English and Scientific names:

Lesser Nighthawk, Chordeiles acutipennis

Number of individuals: 

One female in first basic plumage 

Locality: LOUISIANA: 

Cameron Parish


Specific Locality:

Baton Rouge Audubon Society’s Peveto Woods Sanctuary



Date(s) when observed:

October 30, 2004



Time(s) of day when observed:  

Approx. 5:00 PM

Reporting observer and address:

Paul E. Conover

Lafayette, LA


Other observers accompanying reporter who also identified the bird(s):

 Fred Benham [found the bird], Dave Patton, Harriet Pooler, Victoria Bayless, et al.

Light conditions (position of bird in relation to shade and to direction and amount of light):

Good light; shady to dappled to sunny as breeze moved branches.

Optical equipment: 

Zeiss 10x binos-excellent condition.

Nikon ED Fieldscope.


Distance to bird(s): 

40-50 feet

Duration of observation:

Approximately 30 minutes of viewing a perched bird with no obstructions.


Woodland. Bird was perched in an acacia about 30 feet above ground.


Behavior of bird: 

The bird was lying along a grapevine, sleeping.



Goatsucker, smaller than Whippoorwill, cryptically colored with browns and grays.

Wings on perched bird did not quite reach tail tip.

  • Crown and sides of head barred and speckled dark brown and buff, with lateral barring across forecrown. A buff “eyebrow”.
  • Chin and throat overall buffy, appearing somewhat scaly perhaps due to feather texture. Mantle dark brown with buff markings, with distinct pale blazes formed by whitish or buffy-whitish scapulars.
  • Wings dark, coverts mostly gray with fine dark  markings, but with buffy ‘wingbar’ formed by buff tips to lesser or median coverts. Alula whitish with buff wash. Lower edge of the folded wing buffy, [retained buff-tipped juvenile greater coverts?] with black markings mixed in. There appeared to be buff-tipped primary coverts visible as well.
  • Tail with wavy bars of buff and dark brown, of even width, at least some rects tipped buff.
  • Some rear scapulars [?] overall medium grayish lightly dusted or barred extremely finely with blackish markings, at least one with an irregular black branching line down the shaft.
  • Underparts with pale buff ground color, barred with dark brown brackets [middle point of bracket on shaft pointing distally]. Brackets seemed densest on breast, slightly more widely spaced [thus paler] and broader or more diffuse on belly and flanks, and more discrete on undertail coverts.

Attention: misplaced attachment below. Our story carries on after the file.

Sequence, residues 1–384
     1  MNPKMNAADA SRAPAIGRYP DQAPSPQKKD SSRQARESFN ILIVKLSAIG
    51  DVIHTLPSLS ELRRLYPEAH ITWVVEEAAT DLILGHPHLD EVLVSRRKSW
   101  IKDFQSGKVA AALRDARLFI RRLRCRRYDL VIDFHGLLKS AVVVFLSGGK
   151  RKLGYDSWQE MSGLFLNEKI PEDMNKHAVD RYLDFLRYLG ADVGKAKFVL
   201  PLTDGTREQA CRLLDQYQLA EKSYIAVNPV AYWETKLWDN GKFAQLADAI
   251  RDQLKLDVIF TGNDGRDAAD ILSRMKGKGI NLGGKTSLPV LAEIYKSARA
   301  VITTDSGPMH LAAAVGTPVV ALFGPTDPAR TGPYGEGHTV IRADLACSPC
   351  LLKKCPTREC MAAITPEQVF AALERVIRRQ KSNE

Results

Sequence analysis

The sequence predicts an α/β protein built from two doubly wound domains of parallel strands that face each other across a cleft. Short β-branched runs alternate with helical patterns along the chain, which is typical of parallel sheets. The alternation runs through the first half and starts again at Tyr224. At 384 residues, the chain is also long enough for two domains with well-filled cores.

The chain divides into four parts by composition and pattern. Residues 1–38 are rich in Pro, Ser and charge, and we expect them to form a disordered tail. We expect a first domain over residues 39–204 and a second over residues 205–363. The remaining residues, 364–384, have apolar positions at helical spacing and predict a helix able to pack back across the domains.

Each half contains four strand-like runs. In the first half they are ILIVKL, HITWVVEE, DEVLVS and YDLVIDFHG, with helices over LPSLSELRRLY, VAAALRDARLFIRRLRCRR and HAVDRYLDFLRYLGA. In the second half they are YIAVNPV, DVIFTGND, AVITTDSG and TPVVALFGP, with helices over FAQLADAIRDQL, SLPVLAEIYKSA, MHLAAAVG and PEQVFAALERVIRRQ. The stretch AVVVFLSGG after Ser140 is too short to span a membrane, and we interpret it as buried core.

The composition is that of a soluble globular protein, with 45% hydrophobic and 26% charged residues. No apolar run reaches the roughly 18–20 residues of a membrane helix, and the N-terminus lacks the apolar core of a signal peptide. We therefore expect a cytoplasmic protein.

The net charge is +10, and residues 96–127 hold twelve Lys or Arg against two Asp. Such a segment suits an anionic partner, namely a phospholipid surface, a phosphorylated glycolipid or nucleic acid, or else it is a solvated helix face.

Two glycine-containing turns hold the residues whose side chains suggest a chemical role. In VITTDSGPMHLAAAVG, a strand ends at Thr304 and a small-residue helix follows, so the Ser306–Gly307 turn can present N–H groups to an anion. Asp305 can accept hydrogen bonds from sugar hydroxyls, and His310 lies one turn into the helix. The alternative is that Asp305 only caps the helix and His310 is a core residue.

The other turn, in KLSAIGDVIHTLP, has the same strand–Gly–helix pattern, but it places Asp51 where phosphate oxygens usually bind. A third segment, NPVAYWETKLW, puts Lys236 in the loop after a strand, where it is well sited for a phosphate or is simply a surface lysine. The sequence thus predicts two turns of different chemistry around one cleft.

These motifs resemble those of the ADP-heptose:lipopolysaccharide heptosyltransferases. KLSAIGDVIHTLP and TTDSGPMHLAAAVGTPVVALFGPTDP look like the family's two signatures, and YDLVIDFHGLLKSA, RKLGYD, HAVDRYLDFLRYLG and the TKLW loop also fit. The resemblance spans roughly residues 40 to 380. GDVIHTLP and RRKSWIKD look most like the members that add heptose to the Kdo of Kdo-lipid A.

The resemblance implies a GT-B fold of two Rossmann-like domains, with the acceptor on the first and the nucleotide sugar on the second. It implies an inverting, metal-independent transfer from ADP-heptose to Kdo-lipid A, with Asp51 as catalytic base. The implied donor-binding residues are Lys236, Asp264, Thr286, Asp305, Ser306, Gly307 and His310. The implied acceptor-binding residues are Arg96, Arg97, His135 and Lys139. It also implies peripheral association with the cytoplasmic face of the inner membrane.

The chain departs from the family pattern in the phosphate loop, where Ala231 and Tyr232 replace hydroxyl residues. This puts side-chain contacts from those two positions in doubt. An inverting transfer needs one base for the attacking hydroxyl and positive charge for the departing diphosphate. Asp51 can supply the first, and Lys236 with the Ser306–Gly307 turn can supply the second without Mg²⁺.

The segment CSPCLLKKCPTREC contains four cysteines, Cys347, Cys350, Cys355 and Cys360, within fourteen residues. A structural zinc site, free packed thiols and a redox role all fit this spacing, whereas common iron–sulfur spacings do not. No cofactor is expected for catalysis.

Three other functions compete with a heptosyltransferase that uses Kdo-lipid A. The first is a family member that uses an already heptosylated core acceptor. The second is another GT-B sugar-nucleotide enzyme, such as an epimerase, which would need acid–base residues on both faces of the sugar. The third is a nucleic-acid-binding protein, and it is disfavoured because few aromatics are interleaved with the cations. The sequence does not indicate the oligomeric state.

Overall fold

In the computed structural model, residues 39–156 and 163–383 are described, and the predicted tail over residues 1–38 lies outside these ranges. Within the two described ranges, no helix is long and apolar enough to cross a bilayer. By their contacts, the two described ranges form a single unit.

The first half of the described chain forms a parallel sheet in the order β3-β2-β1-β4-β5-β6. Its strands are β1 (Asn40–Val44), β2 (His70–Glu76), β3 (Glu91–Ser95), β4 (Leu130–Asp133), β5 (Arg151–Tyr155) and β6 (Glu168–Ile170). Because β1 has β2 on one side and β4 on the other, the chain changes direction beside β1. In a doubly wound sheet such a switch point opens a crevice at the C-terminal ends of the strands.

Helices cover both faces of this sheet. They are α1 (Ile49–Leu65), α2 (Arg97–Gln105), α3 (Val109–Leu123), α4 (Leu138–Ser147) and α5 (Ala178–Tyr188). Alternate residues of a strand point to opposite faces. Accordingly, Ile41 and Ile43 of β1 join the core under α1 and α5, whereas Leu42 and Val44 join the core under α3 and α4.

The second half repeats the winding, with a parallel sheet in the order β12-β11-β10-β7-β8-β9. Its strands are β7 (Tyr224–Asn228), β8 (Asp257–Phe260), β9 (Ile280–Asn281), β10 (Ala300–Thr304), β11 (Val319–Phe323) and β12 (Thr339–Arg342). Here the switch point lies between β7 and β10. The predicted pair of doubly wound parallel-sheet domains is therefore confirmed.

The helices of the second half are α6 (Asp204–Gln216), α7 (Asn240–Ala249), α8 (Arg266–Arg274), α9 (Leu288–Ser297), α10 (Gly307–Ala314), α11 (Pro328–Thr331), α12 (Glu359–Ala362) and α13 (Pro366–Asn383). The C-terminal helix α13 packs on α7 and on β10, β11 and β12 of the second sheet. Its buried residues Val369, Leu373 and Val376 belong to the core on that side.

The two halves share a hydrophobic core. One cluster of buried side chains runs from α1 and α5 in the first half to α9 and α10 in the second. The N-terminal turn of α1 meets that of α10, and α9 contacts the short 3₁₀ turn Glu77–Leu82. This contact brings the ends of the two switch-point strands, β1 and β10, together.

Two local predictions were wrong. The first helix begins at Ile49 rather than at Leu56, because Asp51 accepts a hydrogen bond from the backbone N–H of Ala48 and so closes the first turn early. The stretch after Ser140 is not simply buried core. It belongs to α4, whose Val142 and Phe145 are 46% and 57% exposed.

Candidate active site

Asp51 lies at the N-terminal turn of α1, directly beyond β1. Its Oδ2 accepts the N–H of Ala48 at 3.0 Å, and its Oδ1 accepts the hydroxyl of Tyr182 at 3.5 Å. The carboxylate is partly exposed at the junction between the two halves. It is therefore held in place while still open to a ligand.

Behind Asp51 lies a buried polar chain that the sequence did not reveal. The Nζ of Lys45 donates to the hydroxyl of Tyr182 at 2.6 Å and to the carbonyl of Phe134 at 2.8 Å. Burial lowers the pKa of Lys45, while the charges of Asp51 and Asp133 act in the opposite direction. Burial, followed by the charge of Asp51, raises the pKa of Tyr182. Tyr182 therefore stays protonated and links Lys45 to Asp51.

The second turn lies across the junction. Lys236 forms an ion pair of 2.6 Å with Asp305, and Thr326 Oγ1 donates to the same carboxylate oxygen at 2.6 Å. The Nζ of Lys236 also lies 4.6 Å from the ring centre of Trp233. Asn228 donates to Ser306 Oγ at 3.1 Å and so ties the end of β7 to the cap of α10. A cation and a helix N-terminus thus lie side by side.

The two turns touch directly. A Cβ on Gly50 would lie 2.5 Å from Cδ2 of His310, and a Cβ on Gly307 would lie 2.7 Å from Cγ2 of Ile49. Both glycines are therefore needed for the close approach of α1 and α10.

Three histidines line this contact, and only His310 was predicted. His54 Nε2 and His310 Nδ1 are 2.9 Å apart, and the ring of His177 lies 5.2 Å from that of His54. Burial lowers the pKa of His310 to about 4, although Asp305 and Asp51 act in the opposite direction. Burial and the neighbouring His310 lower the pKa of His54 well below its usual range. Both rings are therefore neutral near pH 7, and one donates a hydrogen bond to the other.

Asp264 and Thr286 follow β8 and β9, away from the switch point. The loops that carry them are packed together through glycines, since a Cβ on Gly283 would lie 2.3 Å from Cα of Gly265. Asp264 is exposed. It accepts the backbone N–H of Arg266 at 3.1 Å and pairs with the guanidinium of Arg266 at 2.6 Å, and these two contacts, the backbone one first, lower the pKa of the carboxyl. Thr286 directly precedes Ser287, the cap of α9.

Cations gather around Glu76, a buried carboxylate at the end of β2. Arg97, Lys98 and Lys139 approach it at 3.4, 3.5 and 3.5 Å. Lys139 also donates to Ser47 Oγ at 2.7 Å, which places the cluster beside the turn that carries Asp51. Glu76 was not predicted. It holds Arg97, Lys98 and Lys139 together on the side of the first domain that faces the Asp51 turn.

• Primaries dark brown, distinctly marked with buff spots. The buff spots were clearly the exposed areas of buff bars crossing the primaries. Two adjacent outer primaries had spots that lined up, but the bars on the next primary did not line up, creating a staggered appearance to the spots.
  • Small black bill; eyes [rarely opened] dark brown.




Bird was silent.

Similar species:

  • Non-nighthawk nightjars eliminated by overall pattern.
  •  Common Nighthawk separated by buff markings on the outer primaries, and by the proportion of wings to tail.

Photographs or tape recordings obtained?

I took video, and Dave Patton took digital photos through the Nikon scope. Patton’s shots were better, and are included with this report.


Previous experience with this species: 

Seen on a few occasions out west. On one of these, I found a fresh roadkill and was able to take pictures of the primaries to note their pattern.

I have also studied and photographed the nighthawk collection at LSUMNS with the aim of learning points for the separation of the species. 


Identification aids:

See Previous Experience above. At the time of the sighting, Natl. Geo. Guide and Sibley guide were checked.

After the sighting, Donna Dittmann was consulted for her opinion in ageing the bird.

This description is written from: 

Mental notes, video, study of photos.

Are you positive of your identification? If not, explain: 




Paul Conover

Date and time: 

November 1, 2004